High food prices to stay but RP has enough rice supply to feed 90M

By Amy R. Remo
Philippine Daily Inquirer, April 7, 2008


MANILA, Philippines--The days of cheap food are gone.


While the country has enough rice to feed 90 million Filipinos this year, “we just have to start paying for higher prices” of goods and basic commodities, said Rolando T. Dy, who heads the agribusiness unit at the University of Asia and the Pacific.


The higher prices are due partly to increases in the cost of oil, fertilizer, transport, as well as the high demand for biofuel feedstock, Dy said.

“Prices also have a speculative component with the current reports on constriction in the global rice supply pushing the panic button among some countries,” he said.


Globally, the skyrocketing prices have been blamed on a worldwide crunch in rice stocks, rapid population growth, increasing fuel and transport costs, the emerging biofuels market and climate change.


The United Nations Food and Agriculture Organization (FAO) said in a recent report that commodity prices rose sharply in 2006 and continued to rise last year, partly due to a gradual reduction in global stocks of about 3.4 percent on the average annually.


In the medium term, food prices are likely to remain high, it added.


Dairy leads surge


The surge in prices, the FAO said, was led by the dairy sector, which increased by nearly 80 percent, while grains rose by 42 percent, last year.


Global cost of imported foodstuffs in 2007 was estimated at $745 billion, 21 percent more than the previous year’s $615 billion, a record high.


The FAO added that developing countries were most vulnerable and could face a year of increase of about 25 percent in aggregate food import bills, including cereals, vegetable oils, dairy, meat and sugar.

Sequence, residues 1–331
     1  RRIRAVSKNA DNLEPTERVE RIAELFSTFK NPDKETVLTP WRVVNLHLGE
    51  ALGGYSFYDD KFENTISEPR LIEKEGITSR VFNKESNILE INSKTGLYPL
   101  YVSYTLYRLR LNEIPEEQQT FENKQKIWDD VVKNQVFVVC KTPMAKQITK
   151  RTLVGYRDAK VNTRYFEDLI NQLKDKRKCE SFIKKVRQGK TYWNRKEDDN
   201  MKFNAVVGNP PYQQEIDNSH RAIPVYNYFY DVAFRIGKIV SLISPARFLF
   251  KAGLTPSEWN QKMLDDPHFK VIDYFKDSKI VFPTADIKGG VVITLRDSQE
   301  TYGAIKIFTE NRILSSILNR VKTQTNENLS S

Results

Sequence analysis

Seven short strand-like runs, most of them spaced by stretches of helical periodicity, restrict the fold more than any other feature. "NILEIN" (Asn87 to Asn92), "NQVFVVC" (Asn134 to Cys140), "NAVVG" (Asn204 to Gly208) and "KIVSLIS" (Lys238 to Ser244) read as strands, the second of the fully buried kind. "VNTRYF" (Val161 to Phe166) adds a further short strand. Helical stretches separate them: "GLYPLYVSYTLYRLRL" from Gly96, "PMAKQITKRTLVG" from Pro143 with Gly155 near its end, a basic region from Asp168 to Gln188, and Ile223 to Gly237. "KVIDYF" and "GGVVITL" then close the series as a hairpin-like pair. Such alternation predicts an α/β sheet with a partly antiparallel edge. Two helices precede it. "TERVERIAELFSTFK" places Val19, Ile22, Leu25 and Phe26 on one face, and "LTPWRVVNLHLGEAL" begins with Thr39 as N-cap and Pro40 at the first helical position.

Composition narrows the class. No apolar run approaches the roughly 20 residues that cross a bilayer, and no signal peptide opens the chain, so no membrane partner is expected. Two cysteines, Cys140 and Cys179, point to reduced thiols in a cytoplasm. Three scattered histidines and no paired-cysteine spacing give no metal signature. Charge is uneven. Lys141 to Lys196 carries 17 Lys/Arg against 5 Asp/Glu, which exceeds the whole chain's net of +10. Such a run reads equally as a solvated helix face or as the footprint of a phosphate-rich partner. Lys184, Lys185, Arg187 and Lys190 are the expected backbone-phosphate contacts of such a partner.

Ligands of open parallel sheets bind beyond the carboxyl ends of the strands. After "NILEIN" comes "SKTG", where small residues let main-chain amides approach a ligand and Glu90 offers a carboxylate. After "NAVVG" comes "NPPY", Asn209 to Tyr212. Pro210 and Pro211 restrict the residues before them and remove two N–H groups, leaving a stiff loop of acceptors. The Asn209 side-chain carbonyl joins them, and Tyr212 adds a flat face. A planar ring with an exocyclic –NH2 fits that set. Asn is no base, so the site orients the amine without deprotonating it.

Rice still RP staple


Locally, what is deemed as a “looming” rice crisis may be rooted in something more than just the global phenomenon.


Dy explained that normally, when the income of a population increases, the consumer shifts from rice to other carbohydrates such as noodles and bread. This has not happened in the Philippines.


Rice remains the country’s basic staple. National daily consumption is 33,000 metric tons, up from 29,000 MT recorded two years ago.


More than the increasing population, Dy pointed out that Philippine per capita consumption had been growing at unprecedented levels.


In 1990, per capita consumption of rice was at 92.53 kilos a year; in 2000, 103.16 kilos; in 2007, 118.70 kilos. A 15-kilo increase in per capita consumption meant an additional 1.275 million MT in consumption.


More imports


Dy said per capita consumption of rice could reach 134 kilos this year, partly because the anticipated diet shift did not materialize, forcing the government to import more.


This year, the National Food Authority (NFA) is importing 2.1 million MT of rice, of which 1.2 million MT had been procured.


But with rice hitting as much as $747 per MT as of March and the global stockpile at its lowest in 32 years, the Philippines, one of the world’s biggest importer, is concerned.


The Philippines accounts for about 7 percent of total world rice imports, estimated at 35 million MT.


According to Jessica Reyes-Cantos, lead convenor of Rice Watch and Action Network (R1), as a country progresses and the growth is distributed equitably, its people’s reliance on its staple, such as rice, diminishes as it shifts to bread and pasta.